Written by Carmen-Cristina Cîrlig,
On 1 February 2020, the withdrawal of the United Kingdom (UK) from the European Union (EU) became effective. With the UK’s exit from the EU, UK nationals lose the rights deriving from EU citizenship, unless they also have the nationality of an EU Member State. This means, first and foremost, that they lose freedom of movement rights across the EU, but also political rights such as the right to vote and to stand as a candidate in European and municipal elections, the right to petition the European Parliament and to lodge complaints before the European Ombudsman, among others. In addition, EU citizens resident in the UK find themselves in a third country which will no longer be bound by common EU rules regarding their treatment.
Nevertheless, the UK left the EU on the basis of a negotiated withdrawal agreement. Part Four of the withdrawal agreement institutes a transition period until 31 December 2020, during which time the UK is treated as a Member State and EU law continues to apply in and to the UK – with certain exceptions provided for in the agreement. Therefore, until 31 December 2020, UK nationals in the EU will continue to benefit from most EU citizenship rights, most importantly freedom of movement rights. Notable exceptions are the right to participate in a European Citizens’ Initiative and the right to vote and stand as candidate in European Parliament elections and in municipal elections in the Member State of residence (although national measures may allow for the continuation of the exercise of franchise rights). EU citizens also benefit from the freedom to move to the UK during the transition period, based on the applicable EU law.
Beyond the transition period, Part Two of the withdrawal agreement preserves most of the rights of EU and UK citizens who have made use of their freedom of movement rights in accordance with EU law before the end of the transition period. In particular, the provisions of the withdrawal agreement regarding citizens’ rights cover entry/exit and residence rights, workers’ rights and social security coordination rules. This will allow EU and UK citizens who previously exercised their rights to live, work and study in the UK and the EU respectively, under EU law, to maintain these rights for their entire lifetime, as long as they continue to meet the conditions set in the agreement. The rights of reunification with certain (third-country) family members are also protected.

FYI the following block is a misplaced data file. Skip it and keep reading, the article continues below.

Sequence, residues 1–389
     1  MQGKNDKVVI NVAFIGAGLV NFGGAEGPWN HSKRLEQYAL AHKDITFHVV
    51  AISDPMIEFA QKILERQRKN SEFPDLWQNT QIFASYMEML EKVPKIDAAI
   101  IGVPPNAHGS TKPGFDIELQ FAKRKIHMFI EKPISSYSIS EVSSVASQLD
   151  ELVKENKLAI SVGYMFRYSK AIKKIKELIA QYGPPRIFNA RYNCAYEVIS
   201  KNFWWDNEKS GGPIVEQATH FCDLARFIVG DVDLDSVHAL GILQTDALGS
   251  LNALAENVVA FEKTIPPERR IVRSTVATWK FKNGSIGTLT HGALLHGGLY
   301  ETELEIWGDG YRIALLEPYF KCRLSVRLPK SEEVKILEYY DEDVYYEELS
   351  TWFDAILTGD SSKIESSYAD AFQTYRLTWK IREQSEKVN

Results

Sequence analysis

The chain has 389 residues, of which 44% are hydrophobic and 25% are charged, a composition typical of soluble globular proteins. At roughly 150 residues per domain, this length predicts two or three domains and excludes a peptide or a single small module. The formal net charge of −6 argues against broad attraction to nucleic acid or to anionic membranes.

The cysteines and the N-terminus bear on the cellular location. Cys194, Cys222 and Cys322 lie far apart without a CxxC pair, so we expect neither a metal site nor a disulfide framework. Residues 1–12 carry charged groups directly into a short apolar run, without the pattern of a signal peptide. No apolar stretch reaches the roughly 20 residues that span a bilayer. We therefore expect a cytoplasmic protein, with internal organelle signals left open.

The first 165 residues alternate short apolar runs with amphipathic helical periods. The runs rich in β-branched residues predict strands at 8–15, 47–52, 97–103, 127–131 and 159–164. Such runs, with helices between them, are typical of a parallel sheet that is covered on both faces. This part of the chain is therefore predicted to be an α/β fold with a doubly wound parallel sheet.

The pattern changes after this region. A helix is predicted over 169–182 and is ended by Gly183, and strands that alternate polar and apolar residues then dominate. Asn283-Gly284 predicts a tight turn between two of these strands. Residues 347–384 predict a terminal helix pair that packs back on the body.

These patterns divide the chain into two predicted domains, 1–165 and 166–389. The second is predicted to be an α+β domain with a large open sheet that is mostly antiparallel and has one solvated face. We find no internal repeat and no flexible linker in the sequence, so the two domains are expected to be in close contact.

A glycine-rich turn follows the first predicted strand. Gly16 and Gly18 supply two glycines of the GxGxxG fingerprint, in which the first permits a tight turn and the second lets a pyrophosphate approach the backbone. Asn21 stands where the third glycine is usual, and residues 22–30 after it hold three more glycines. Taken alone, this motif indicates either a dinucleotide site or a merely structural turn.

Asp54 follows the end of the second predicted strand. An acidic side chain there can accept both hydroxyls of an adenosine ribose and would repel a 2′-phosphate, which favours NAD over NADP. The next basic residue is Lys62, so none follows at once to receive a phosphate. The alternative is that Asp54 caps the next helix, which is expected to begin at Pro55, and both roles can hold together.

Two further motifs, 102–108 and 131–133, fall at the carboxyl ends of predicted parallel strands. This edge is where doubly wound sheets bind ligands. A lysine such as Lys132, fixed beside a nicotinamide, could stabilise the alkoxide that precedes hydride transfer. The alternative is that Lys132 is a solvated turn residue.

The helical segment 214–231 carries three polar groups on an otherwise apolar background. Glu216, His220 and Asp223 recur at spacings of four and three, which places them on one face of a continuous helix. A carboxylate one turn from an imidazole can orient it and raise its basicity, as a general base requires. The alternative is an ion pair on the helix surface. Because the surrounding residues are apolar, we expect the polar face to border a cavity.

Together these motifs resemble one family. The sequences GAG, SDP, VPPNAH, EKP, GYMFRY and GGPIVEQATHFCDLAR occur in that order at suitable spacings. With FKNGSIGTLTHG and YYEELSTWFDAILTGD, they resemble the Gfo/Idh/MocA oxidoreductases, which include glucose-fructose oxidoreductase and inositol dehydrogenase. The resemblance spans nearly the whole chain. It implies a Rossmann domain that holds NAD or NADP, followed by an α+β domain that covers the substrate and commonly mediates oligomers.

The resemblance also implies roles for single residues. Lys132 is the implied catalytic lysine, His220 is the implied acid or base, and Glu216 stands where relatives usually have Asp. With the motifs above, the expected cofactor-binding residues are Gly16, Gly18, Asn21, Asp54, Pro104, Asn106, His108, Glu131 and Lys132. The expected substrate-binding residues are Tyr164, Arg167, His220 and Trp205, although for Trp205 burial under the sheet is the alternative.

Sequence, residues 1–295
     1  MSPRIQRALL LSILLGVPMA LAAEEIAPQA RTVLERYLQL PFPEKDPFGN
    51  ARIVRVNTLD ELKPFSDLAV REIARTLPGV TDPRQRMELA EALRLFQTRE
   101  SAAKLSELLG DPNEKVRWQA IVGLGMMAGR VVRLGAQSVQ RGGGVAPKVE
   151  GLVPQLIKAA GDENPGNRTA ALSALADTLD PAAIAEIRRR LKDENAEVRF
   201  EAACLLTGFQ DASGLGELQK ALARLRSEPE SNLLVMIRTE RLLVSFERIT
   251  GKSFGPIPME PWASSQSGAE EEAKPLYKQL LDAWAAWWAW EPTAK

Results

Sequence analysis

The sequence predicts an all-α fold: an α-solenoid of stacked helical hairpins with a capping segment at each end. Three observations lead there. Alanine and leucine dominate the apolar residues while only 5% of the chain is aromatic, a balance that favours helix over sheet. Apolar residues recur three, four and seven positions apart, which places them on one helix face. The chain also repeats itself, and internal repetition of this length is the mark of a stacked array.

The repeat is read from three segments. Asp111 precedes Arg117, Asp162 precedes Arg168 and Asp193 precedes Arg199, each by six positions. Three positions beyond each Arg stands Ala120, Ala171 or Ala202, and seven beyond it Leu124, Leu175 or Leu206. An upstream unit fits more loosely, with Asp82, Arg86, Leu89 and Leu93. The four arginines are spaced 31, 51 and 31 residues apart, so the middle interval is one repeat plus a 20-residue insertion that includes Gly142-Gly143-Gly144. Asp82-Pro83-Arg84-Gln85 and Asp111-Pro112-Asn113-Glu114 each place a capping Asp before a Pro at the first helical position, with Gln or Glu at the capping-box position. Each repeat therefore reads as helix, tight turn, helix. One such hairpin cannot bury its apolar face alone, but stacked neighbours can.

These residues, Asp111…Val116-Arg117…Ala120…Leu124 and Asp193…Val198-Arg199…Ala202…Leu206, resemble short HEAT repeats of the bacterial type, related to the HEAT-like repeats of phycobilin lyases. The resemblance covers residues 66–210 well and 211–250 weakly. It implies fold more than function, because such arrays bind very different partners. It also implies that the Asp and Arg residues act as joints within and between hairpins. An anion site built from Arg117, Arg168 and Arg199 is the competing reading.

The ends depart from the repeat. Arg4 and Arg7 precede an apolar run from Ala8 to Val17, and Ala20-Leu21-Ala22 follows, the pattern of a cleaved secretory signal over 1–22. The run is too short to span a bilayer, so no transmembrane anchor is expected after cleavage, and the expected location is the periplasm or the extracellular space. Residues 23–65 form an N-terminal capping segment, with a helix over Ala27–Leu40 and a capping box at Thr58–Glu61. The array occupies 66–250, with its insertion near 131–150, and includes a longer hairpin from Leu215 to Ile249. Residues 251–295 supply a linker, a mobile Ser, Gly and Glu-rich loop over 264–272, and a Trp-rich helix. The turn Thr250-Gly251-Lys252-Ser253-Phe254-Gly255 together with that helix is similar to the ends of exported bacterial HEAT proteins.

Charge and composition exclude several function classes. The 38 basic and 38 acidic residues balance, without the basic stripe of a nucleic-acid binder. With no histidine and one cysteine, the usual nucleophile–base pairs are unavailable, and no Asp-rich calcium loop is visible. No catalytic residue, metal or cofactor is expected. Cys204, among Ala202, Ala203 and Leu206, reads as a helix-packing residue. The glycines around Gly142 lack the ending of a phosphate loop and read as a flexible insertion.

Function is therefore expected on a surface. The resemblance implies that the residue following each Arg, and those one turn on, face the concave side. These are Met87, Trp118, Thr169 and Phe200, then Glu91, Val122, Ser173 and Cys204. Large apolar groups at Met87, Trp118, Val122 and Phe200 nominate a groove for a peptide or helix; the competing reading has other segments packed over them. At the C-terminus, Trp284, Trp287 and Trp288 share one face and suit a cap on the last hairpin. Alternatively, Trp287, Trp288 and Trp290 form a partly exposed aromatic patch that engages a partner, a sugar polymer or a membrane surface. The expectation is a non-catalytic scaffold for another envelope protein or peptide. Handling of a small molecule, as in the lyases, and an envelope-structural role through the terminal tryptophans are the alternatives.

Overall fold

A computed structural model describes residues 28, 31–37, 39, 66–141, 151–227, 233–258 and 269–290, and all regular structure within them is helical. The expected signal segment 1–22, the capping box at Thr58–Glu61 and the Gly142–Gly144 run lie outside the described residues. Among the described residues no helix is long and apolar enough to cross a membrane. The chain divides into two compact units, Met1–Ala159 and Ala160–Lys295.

On the other hand, EU citizens arriving in the UK, and UK citizens arriving in the EU, after the end of the transition period will not benefit from the protection of the withdrawal agreement. Both UK and EU nationals will have to comply with the national immigration rules applying to third-country nationals, unless the EU and UK agree on specific mobility arrangements, either as part of the future relationship agreement currently being negotiated or in a subsequent agreement.
This paper analyses the consequences of the UK withdrawal from the EU for citizens’ rights, both during and after the transition period. It provides an overview of the rights guaranteed by the withdrawal agreement and takes stock of the measures taken or envisaged by the UK and the EU Member States to implement the citizens’ rights provisions of the agreement.
Read this complete ‘in-depth analysis’ on ‘EU and UK citizens’ rights after Brexit: An overview‘ in the Think Tank pages of the European Parliament.